Starbucks Coffee Jelly Frappuccino and the History of Coffee in Japan

Well, dear Starbucks lovers, it’s been a while since I reviewed the Green Siren’s newest offering. In fact, we’re already on the second (maybe third?) drink since the Happy Yellow Fresh Banana Frappuccino. This was already the 6th rollout of the year, and I must admit that even I have suffered a bit from new drink fatigue. It seems as if drinks are lasting shorter and shorter, and after the huge hullabaloo surrounding the Fresh Banana I was really disappointed when it left after only 2-3 weeks. And that’s after being so popular that it often sold out!

It was replaced with the Crunchy Cookie Frappuccino, which, to be completely honest, I didn’t care for at first. A combination of being irritated with the speed of the Banana running out the door along with a strange texture made the drink almost a non-starter for me. An entire cookie was blended into each drink, resulting in an uncomfortably thick and sandy texture that I found quite off putting.

After talking to my Barista friend in Osaka I switched from Vanilla to Hazelenut syrup, and I also let it sit for a few minutes before drinking it, allowing the pureed crumbs to absorb the beverage. It was still strange, but these changes made it much better. Of course, I didn’t make the switch until the drink was on it’s way out, so I missed just about all of the season. I don’t imagine this one will be added to the annual roster, but there’s always a chance.

Also, the branding on this one was very strange—the poster design looked straight out of 1994, with chunky fonts and colored shapes After the very “of the moment” graphic design for Fresh Banana it felt like an odd blast from the past.

The next drink marked the return of Coffee Jelly blended drinks. A staple in modern Japanese sweets, coffee jelly has the color and flavor of black coffee and is usually combined with whipped cream. I’m not the biggest fan as I don’t really care for black coffee. I recently read

The Culture Code: An Ingenious Way to Understand Why People Around the World Live and Buy as They Do, and finally learned where Coffee Jelly came from. Gather round, foreigners, as this has always been a mystery to which I seem to have finally found the answer!

It seems that the author of the book, Mr. Clotaire Rapaille, was brought to Japan in the 70’s by Nestle to address their flagging instant coffee sales. Usually when it comes to such things, my question has always been “Why drink instant, when you can drink the real thing?” but he quickly realized that the question was “Why drink that vile black brew when you can drink tea?” You know, the beverage that’s been culturally ingrained for centuries?

These days, of course, coffee has finally made inroads into the hearts and wallets of the Japanese people, but how did he encourage the masses to entertain the notion of this strange brown brew? He recommended that Nestle popularize a coffee-flavored dessert and aim it at children. That way, when they grow up they’ll have nostalgic thoughts towards coffee, and that positivity will pay off in increased sales and market share. They may have been playing the long game, but they certainly payed off to win, and now coffee is in every break room, kitchen, vending machine and street corner, right below the green tea and mugicha.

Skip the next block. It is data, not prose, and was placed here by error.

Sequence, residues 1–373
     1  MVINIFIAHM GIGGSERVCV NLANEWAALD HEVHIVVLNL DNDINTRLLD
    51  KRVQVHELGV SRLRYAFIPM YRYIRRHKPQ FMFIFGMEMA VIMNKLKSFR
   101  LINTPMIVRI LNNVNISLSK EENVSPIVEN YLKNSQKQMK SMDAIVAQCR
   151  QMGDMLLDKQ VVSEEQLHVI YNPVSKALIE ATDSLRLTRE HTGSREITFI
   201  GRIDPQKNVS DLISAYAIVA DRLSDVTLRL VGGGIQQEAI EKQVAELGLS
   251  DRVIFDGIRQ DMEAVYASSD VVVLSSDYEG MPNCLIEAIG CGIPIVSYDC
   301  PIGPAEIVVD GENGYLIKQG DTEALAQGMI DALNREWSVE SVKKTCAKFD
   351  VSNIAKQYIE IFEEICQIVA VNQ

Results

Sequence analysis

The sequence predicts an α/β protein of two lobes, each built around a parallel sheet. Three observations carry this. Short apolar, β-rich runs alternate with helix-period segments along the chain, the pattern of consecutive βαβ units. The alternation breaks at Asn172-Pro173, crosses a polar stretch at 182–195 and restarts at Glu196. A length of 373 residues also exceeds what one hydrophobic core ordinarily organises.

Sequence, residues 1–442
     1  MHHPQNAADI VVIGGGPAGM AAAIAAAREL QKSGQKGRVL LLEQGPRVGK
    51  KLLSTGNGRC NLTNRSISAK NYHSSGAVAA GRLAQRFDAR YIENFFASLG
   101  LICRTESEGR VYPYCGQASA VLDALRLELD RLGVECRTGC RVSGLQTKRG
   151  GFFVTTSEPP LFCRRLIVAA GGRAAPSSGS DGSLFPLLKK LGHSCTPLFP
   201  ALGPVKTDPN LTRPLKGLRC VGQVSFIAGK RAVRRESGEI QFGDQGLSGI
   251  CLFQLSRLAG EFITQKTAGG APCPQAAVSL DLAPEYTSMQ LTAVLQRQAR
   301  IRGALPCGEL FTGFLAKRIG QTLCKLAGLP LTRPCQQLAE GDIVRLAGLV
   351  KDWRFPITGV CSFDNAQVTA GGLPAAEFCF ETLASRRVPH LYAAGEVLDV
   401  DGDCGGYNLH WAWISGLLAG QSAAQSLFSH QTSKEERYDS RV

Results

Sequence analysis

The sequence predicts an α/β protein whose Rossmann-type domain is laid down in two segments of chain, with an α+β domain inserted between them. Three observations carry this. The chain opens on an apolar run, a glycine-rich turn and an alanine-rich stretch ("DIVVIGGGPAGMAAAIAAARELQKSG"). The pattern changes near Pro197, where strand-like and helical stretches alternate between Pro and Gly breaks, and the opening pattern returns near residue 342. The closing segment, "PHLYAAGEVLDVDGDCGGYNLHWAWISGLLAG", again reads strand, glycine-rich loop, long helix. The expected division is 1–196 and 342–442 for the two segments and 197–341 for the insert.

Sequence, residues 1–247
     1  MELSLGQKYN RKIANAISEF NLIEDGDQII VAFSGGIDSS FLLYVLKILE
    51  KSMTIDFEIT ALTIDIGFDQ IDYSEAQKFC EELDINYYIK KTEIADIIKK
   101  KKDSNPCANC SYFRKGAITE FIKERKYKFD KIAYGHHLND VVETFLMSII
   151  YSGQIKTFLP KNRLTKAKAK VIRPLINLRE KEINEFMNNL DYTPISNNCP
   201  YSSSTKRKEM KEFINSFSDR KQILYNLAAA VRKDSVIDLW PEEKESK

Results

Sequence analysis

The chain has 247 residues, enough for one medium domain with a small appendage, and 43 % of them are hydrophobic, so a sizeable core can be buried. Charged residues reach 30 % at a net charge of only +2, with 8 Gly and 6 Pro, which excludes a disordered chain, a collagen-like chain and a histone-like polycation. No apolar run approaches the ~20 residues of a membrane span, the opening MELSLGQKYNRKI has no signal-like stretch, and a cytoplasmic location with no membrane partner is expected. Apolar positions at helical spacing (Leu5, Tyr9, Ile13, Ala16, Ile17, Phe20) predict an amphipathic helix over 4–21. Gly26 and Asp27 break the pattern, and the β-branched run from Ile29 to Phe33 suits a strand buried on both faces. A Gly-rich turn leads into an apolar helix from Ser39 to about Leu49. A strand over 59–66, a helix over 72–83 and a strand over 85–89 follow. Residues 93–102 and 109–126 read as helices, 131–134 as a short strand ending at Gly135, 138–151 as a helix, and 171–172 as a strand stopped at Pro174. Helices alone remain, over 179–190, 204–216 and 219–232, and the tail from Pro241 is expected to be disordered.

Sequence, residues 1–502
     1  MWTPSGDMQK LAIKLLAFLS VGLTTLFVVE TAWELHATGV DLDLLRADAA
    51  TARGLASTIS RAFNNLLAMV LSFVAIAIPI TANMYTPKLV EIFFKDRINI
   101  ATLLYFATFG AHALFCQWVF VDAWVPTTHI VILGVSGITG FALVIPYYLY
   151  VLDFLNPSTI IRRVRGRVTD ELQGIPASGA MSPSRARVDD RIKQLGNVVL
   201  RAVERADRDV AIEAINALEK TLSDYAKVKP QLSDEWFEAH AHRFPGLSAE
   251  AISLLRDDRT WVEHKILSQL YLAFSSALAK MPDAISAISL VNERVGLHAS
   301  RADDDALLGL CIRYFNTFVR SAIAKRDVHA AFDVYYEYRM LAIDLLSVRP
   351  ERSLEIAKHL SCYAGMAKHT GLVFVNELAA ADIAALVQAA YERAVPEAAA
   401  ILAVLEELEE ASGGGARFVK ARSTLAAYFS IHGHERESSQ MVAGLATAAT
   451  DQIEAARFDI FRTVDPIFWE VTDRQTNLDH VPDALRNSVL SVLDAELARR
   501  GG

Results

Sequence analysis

So, how has Starbucks embraced the coffee jelly? By putting bucketloads in their drinks, thus inciting a circularity of nostalgia that is bound to increase sales both today and somewhere in the hazy future.

There’s two options in the line, the Double Chocolate Coffee Jelly, which features chocolate in the drink as well as chocolate whip, which was last spotted on the Chocolate Pretzel Mocha back in February. It’s perfectly fine and inoffensive, and if you liked coffee jelly I’m sure this would be up your alley.

The other drink is the Marble Caramel Coffee Jelly, which is my preferred of the two. It has bitter caramel sauce in the drink as well as crunchies on top, giving it a bit of a Crème Brulee flavor. It’s nice, but it just doesn’t compare to last year’s Strawberry Cheesecake Frappucino (which, oddly enough, has had a huge spike in views lately here on the blog. Anyone know why?)

None of these drinks have had nearly the marketing muscle invested as the Fresh Banana, and they’ve felt like little more than a blip on the radar. Sadly the marketing efforts seem to have worked a little too well for the Banana, resulting in frequent sellouts and an early dismissal from the menu. I hope that whatever comes after the Coffee Jelly is back to fruit based flavors, as those tend to be the stronger drinks, in my opinion.

What do you think? Did Starbucks play the Fresh Banana wrong? Overhyped and underperformed? Or was it perfect for tantalizing a frenzied customer base? Have you ever had coffee jelly and have strong feelings about it, nostalgic or otherwise? Let me know what you think!

IMG_3197.JPG (Just finishing things off with a little Mango Chiffon cake, of course!)


About superhappyawesome

Living in Japan!
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1 Response to Starbucks Coffee Jelly Frappuccino and the History of Coffee in Japan

  1. Haikugirl says:

    Wish I was in Japan right now… 😉

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